Business PR Tips

Tunisia, the 20-something Spokesperson, & the thirst for instant knowledge

Posted by Deborah | June 28th, 2015 | No responses

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As expected, the first 72 hours following the Tunisia attack saw TV networks and newspapers flooded with accounts from holidaymakers affected by the devastation.

As a PR bod, what strikes me in the aftermath of these incidents is how often we hear more speedily from the:

-       Travel Experts

-       On the Ground First Person Witnesses

-       Previous Terrorism Victims / Witnesses

And yet, we’re often left waiting for the first time the corporate brand involved puts themselves in front of the camera to express their position.

I’m not saying they should be live on screen within an hour of a disaster such as this – when Lord knows there’s plenty going on behind the scene – but there is an expectation about the need for a ‘face’ to come forward on behalf of the brand.

It’s critical at this time in an unfolding incident that we can see a corporate step up to the plate and express:

-       Empathy

-       Commitment (to repatriations and ongoing safety)

-       Productivity

-       Communication pathways (for ongoing dialogue with those affected)

To their credit, Thomson Airways did post a statement online in collaboration with First Choice, addressing what steps they were taking.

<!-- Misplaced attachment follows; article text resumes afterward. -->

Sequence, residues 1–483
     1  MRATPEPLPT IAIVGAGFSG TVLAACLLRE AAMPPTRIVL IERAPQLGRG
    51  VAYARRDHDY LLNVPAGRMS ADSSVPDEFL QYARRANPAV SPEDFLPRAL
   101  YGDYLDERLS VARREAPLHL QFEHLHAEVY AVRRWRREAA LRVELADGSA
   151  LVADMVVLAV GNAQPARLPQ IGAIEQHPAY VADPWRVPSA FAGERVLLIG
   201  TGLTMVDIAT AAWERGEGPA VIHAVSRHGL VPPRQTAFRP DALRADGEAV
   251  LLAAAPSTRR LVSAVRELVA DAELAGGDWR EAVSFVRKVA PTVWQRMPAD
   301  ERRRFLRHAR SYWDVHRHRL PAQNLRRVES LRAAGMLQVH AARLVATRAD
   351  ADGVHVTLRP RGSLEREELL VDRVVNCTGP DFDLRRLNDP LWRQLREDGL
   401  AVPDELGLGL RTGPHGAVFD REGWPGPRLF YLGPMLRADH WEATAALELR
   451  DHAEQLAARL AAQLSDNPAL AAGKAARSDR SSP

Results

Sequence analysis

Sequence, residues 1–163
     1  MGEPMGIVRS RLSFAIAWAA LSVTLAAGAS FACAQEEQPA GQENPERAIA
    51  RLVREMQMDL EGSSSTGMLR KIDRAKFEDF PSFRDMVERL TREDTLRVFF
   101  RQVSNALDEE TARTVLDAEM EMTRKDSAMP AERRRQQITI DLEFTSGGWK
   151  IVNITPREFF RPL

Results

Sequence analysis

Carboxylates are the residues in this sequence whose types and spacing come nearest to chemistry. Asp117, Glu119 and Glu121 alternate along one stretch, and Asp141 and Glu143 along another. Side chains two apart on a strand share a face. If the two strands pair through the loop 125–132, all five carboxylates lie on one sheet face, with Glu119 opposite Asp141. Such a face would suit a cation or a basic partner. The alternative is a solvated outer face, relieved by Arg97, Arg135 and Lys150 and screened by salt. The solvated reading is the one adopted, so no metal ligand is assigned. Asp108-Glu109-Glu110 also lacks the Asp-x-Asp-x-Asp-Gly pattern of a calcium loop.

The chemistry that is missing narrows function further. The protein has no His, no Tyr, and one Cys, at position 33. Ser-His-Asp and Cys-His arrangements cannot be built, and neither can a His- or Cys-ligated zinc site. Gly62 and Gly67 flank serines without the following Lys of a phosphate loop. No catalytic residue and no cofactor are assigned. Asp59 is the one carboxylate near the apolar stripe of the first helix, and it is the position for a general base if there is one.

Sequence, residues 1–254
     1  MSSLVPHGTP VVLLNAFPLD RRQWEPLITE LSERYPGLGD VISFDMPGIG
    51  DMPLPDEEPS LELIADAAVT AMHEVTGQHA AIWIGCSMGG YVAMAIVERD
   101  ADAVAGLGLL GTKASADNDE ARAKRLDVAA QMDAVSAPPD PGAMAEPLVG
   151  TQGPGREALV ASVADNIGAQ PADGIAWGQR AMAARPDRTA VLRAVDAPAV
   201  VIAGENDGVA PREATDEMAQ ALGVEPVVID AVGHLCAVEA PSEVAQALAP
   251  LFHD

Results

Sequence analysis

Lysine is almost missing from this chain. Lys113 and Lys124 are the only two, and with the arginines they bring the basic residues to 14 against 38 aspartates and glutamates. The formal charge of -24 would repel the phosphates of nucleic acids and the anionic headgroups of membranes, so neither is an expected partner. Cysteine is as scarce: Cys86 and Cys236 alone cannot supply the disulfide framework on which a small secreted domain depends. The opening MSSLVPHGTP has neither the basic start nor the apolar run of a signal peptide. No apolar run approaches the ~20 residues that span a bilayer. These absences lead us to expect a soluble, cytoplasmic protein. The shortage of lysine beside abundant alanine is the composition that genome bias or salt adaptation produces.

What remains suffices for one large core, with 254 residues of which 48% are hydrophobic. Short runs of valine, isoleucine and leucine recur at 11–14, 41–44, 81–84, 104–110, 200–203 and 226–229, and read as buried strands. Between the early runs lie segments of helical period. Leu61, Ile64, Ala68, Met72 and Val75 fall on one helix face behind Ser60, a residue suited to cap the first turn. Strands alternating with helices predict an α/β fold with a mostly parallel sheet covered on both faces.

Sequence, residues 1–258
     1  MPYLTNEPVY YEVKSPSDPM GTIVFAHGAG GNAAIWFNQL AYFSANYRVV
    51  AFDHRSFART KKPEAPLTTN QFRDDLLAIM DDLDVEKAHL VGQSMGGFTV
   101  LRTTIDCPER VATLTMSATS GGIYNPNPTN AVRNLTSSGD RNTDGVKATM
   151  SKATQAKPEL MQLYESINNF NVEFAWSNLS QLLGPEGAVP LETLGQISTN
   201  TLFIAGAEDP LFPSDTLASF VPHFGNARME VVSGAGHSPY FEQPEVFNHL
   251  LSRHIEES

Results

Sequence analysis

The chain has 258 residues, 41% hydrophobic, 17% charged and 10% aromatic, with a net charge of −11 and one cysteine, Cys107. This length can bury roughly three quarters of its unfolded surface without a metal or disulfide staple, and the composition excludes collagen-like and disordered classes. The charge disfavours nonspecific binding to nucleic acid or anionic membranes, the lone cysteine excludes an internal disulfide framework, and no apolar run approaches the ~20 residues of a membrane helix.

It did exactly the right thing in terms of crisis comms statement content, including

-       Expressing sympathy

-       Showing what they were doing

-       Issuing a contact

-       Emphasising the delivery of their internal workforce.

That said, even this statement can’t counteract the poor communication which has allegedly been taking place on the ground at the scene of the tragedy itself.

When eye-witnesses are only too happy to appear on international news broadcasts detailing their experience, it seems hugely neglectful that a corporate the size of these travel operations would leave anything to chance in terms of how they communicate directly to their customers at the scene.

In a real ‘OUCH’ PR moment for the company, one witness and travel customer said on the BBC this morning that it had been left to a 20-something rep to convey the latest to holidaymakers – and that she had such little experience and knowledge that their only hope was to digest updates through social media and TV news.

Never should a brand leave their customers / clients / stakeholders having to dig their own way around news broadcasts and social media to find the latest on an incident directly involving them.

At the very least, had I been involved in the PR of the company, I’d be wanting to fly out the most senior comms-prepared spokesperson and have them willing and able to communicate not only to the news channels back home, but – imperatively – to my customers on the ground!
A brand is not always judged by what HAPPENS to it, as much as how it RESPONDS to what happens.

This, now, is the ultimate test for the tour operators.

They must do whatever they can to act quickly and appropriately to communicate with all stakeholders in whatever form it takes.

It is their duty to inform and to understand, in the spirit not only of preserving their brand reputation, but to reiterate the issues of corporate social responsibility and to act as a respectable and responsible business which we will all want to continue to trust and invest in.

 

 

For more PR thoughts or advice, email me hello@deborahwatson.co.uk or call 07974 359001

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